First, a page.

Comment Re:It's legal for foreign money to be spent lobbyi (Score 2, Interesting) 183 183

I think the greater point is that corruption doesn't always look like corruption. Other countries have helped mitigate this problem, but I seriously doubt the public knows about even a fraction of how often this happens on a global scale. Especially given how many countries are not open books when it comes to these sort of things. Not to mention the rampant corruption organized crime helps create. While a bribe is always a bribe, a bride doesn't always look like one.

The companies that offer bribes also need to be punished for doing so. The US enacted the Foreign Corrupt Practices Act (http://www.justice.gov/criminal/fraud/fcpa/) to combat this problem but few companies ever get more than a slap on the wrist and a wink & nod. Both sides need to realize that offering or accepting a bribe is something that can cost them more than just a few dollars (or whatever the currency).

Now for the obligatory wiki link: http://en.wikipedia.org/wiki/Political_corruption
The global costs are quite large.

Comment Re:Since customers can override the system.... (Score 2, Interesting) 393 393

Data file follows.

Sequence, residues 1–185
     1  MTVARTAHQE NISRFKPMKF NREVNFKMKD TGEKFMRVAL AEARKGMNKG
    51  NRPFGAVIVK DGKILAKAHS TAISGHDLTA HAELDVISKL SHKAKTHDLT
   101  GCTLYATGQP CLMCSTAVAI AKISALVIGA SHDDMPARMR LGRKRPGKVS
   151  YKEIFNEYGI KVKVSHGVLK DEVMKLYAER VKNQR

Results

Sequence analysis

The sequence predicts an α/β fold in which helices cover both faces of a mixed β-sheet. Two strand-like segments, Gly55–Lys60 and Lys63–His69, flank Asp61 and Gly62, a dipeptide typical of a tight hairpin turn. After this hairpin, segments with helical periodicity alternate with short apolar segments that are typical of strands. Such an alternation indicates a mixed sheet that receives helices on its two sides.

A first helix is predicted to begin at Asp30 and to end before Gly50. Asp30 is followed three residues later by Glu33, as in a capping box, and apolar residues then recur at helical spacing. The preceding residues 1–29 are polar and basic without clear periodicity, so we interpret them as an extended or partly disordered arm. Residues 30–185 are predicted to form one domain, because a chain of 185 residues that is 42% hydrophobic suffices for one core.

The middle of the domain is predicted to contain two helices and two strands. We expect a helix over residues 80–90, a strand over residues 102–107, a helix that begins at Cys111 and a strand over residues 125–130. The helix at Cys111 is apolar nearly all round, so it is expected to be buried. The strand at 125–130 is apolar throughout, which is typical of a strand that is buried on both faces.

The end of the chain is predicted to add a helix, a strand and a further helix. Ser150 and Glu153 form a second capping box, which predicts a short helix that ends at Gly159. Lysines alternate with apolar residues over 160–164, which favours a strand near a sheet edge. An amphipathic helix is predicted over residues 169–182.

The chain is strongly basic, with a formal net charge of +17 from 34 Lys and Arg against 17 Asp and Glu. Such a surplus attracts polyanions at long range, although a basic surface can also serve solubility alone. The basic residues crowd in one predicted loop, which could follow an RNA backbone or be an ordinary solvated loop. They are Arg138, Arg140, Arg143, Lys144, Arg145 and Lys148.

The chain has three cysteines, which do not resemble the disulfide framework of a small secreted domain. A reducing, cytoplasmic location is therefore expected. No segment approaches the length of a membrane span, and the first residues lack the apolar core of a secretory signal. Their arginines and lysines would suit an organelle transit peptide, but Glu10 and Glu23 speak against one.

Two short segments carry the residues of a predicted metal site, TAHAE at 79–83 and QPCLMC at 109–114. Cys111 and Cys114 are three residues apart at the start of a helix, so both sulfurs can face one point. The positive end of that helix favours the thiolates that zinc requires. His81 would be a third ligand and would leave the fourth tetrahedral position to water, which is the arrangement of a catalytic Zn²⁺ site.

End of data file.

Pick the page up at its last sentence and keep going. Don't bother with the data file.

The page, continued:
Just thinking about this briefly, I can think of at least one concern (though not directly related to privacy). Power companies (at least in the US) have shown that they are unable to secure their infrastructure. So allowing them to 'control' your settings *might* be allowing an attacker to do the same (or worse).

Timmy O'Riley By L. Hadron and the Colliders 62 62

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Lack of Manpower May Kill VLC For Mac 398 398

plasmacutter writes "The Video Lan dev team has recently come forward with a notice that the number of active developers for the project's MacOS X releases has dropped to zero, prompting a halt in the release schedule. There is now a disturbing possibility that support for Mac will be dropped as of 1.1.0. As the most versatile and user-friendly solution for bridging the video compatibility gap between OS X and windows, this will be a terrible loss for the Mac community. There is still hope, however, if the right volunteers come forward."

The opposite of a correct statement is a false statement. But the opposite of a profound truth may well be another profound truth. -- Niels Bohr